Manus Island Inquiry: Asylum Seekers Given Worm-Infested Bread in Prison-Like Conditions

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An asylum seeker revealed that the bread in the Manus Island detention centre is "full of worms." A court in Papua Guinea heard detailed accounts of asylum seekers eating worm-infested bread and enduring living in a "prison-like" environment. The asylum seeker detention facility in Manus Island is run by the Australian government.

The 25-year-old asylum seeker from Iraq told the PNG court that he was compelled to pull apart the bread provided in the facility to get rid of worms. Speaking through a translator, the asylum seeker said they found worms in the cereal and bread.  However, the Manus Island authorities still continued to hand out the bread.

The asylum seeker was the first witness to testify before the Justice David Cannings inquiry. It was previously alleged that Australian Immigration Minister Scott Morrison had told asylum seekers to "not even dream about coming to Australia."

The first witness recounted what Mr Morrison had said and described the minister as being "a bit angry." He told the court that the asylum seekers detained in Manus Island seldom had soap for use in toilets and most of the time, they had no water in the bathrooms.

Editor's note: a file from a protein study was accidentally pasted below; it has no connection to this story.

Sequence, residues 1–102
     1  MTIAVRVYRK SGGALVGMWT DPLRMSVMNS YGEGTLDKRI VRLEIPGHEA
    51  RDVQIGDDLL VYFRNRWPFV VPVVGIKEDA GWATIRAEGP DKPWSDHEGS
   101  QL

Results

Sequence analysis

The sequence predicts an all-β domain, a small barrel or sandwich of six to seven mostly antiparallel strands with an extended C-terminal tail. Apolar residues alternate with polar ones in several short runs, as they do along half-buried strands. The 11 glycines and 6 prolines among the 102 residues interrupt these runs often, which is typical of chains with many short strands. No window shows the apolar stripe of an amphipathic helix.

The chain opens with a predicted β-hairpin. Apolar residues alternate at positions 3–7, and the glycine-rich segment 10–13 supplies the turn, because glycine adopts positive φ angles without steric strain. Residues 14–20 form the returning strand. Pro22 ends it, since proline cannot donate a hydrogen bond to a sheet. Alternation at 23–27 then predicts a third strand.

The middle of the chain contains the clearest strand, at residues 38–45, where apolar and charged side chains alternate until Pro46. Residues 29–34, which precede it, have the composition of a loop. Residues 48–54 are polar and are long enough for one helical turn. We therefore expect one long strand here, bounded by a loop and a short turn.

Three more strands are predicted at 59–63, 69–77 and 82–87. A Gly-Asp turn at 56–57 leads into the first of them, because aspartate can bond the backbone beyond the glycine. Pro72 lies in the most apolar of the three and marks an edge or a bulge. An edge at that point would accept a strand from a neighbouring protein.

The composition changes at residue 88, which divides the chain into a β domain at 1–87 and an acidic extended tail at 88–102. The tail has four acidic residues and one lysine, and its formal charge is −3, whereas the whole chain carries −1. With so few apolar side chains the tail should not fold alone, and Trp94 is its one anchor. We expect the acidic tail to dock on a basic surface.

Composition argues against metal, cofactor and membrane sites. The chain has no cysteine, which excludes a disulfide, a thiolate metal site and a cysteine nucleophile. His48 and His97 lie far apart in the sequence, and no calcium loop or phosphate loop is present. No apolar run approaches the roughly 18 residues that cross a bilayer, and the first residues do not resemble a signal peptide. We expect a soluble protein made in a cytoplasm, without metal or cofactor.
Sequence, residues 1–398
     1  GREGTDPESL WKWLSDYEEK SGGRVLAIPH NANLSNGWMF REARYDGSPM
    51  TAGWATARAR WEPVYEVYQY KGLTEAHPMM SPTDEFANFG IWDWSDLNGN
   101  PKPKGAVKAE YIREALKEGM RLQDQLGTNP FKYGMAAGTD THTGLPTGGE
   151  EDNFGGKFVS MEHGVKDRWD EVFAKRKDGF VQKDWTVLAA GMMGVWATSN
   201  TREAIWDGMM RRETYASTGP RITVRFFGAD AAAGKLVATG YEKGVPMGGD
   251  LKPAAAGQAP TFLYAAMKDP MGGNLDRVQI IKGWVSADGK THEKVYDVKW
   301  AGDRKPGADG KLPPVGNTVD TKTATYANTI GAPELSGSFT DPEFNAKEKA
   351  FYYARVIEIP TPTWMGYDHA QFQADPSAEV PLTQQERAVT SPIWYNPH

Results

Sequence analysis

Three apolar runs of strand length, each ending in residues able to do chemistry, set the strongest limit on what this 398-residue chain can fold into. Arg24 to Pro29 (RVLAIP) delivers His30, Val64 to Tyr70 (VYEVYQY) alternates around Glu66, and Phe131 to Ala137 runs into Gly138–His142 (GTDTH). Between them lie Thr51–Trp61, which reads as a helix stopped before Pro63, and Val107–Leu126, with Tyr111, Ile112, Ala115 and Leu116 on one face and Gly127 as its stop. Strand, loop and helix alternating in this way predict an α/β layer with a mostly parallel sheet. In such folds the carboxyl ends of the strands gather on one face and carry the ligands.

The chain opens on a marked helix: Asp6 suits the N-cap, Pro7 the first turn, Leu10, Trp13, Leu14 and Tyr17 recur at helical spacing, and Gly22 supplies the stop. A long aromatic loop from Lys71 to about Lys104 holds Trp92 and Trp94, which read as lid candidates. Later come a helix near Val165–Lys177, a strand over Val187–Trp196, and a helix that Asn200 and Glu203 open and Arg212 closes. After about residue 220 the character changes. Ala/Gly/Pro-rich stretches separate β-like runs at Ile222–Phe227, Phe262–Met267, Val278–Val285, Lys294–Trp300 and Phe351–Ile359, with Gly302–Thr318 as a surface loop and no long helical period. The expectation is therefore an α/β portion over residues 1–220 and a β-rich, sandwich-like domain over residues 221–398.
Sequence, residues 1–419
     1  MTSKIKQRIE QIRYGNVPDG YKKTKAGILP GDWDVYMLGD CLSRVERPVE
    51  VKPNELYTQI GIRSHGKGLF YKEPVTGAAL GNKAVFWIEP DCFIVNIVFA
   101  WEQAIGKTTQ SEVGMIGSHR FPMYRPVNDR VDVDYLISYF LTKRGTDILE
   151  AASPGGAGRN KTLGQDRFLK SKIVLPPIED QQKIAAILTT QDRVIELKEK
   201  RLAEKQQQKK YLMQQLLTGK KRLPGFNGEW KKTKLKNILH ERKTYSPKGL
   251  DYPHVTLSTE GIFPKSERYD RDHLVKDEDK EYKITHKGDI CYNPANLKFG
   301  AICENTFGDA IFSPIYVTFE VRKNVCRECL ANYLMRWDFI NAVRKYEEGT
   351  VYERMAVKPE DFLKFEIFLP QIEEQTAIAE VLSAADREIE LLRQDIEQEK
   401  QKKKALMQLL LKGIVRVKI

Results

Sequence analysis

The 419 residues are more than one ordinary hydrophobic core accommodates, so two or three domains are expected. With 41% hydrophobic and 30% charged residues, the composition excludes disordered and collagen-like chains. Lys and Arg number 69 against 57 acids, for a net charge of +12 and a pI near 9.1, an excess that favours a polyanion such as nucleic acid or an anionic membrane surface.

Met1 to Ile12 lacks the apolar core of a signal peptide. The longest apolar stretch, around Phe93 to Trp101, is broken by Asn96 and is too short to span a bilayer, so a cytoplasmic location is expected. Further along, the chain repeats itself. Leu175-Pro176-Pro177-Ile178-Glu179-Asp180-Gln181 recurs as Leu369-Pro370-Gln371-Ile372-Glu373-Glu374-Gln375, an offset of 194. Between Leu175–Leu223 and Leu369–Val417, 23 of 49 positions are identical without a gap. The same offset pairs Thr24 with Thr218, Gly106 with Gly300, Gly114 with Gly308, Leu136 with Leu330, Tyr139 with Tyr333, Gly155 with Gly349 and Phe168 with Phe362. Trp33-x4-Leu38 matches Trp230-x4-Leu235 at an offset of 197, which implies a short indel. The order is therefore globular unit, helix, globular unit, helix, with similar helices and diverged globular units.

The Iraqi asylum seeker said that sitting in court made him feel more human since he felt he didn't have rights in the Manus Island facility.

In late February, protesters in Australia have called on the government to close the asylum seeker detention centre in Manus Island, Papua New Guinea, after it was revealed in a report that a former Sri Lankan military officer is running the facility.

The Australian government has confirmed that Dinesh Perera from Sri Lanka served as the operations manager for the asylum seeker facility which was set up on Manus Island in 2013. The detention centre is located in a rugged jungle-covered island off the northern coast of Papua New Guinea. Asylum seekers who attempt to enter Australia by boat are sent to the Manus Island facility.

The asylum seekers mostly come from Asian countries, including Iraq, Iran, Sri Lanka and Afghanistan. The detainees have been rescued from unstable boats after paying people traffickers money to cross the Tasman.

Human Rights Law Centre advocate Emily Howie said the Manus Island facility has been  described as "cruel" and "inhumane" by the United Nations' High Commissioner for Refugees. Ms Howie is an expert on issues regarding international refugees. She has studied the human rights abuses in Sri Lanka and remarked that even if Mr Perrera had passed government scrutiny, there is no guarantee and "no peace of mind."

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